Tetbury is another historic wool town in the Cotswolds, England. It sits on the site of an ancient hill fort, where an Anglo-Saxon monastery was built. It has various royal connections and is well worth a visit to any Cotswold traveller.
New York City LIVE: Downtown Manhattan in the American Revolution with Karen Q’s Patriot Tours.
Karen Q is a Revolutionary War and Founding Era historian. She is the author of Theodosia Burr: Teen Witness to the Founding of a New Nation, 21st Century Imprints, Lerner Books. She also appears in area Revolutionary War reenactments as “Mrs. Q”. Karen is a regular cast member of the Travel Channel’s *Mysteries at the Museum* and has appeared on more than twenty episodes. You can see a full list of episodes here.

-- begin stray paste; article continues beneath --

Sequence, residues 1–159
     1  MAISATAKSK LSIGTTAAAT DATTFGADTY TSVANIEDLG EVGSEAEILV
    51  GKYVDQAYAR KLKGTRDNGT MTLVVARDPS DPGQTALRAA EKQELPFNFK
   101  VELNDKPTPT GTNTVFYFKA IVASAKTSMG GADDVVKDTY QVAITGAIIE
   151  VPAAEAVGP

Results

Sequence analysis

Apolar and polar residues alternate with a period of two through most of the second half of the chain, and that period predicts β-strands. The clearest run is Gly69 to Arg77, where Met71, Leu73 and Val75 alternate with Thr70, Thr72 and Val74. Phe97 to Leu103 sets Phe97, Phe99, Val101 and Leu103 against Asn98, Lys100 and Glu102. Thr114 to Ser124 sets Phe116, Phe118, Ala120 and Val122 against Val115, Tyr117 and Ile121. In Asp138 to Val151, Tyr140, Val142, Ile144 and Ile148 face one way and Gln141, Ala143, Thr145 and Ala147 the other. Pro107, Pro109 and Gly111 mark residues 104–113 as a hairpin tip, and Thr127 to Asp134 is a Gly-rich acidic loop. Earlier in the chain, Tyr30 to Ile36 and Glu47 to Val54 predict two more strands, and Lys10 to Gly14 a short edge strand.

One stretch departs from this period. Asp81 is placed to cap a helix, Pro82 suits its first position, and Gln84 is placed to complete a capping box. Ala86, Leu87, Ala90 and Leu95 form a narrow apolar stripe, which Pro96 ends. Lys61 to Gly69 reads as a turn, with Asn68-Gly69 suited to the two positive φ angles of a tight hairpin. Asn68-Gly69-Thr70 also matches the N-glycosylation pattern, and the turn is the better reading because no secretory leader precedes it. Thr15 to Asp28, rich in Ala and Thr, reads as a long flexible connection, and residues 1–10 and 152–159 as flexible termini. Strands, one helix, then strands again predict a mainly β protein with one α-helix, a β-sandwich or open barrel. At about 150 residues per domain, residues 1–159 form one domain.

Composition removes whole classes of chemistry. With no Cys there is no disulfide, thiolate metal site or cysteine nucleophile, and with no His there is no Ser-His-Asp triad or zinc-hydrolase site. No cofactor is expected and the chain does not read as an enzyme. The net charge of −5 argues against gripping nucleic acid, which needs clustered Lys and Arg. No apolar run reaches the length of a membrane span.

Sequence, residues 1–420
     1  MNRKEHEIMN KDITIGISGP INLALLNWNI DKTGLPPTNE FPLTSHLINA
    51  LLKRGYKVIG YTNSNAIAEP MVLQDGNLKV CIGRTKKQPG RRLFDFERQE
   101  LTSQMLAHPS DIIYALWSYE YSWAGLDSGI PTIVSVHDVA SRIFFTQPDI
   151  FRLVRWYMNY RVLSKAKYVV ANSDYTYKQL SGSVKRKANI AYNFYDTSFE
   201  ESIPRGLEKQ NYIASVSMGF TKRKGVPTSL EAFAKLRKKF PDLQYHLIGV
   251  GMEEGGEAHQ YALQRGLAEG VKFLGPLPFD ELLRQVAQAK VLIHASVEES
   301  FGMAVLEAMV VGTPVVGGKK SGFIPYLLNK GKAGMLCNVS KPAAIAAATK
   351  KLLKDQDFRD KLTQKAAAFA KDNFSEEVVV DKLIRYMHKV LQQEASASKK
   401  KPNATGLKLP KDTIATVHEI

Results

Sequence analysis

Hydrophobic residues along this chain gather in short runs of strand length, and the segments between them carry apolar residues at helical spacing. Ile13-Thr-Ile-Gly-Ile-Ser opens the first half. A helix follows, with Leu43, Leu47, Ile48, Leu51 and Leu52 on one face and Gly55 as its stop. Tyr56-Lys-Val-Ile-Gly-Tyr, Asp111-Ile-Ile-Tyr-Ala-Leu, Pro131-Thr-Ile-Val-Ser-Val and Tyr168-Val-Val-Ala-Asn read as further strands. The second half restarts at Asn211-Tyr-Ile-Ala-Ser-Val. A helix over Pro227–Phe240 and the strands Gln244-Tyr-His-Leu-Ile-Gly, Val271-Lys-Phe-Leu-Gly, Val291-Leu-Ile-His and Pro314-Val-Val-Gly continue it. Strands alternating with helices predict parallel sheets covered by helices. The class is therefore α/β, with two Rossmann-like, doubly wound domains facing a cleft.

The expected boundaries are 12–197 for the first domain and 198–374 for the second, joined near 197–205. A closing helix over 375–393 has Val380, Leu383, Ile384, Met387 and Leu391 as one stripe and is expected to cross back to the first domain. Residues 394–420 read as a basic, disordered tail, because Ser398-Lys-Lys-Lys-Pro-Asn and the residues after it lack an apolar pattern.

In this week’s episode of “Cocktails with a Curator,” take a closer look at the extraordinary flickers of paint in the colorful canvases of François Boucher’s Four Seasons series with Deputy Director and Peter Jay Sharp Chief Curator Xavier F. Salomon. Acquired by Henry Clay Frick late in life, the four paintings were commissioned by Boucher’s great patron Madame de Pompadour—the longtime mistress of King Louis XV—to be placed over doors, hence their unusual shape. The complementary cocktail this week is the Time Regained.
To view these paintings in detail, please visit our website: https://www.frick.org/fourseasons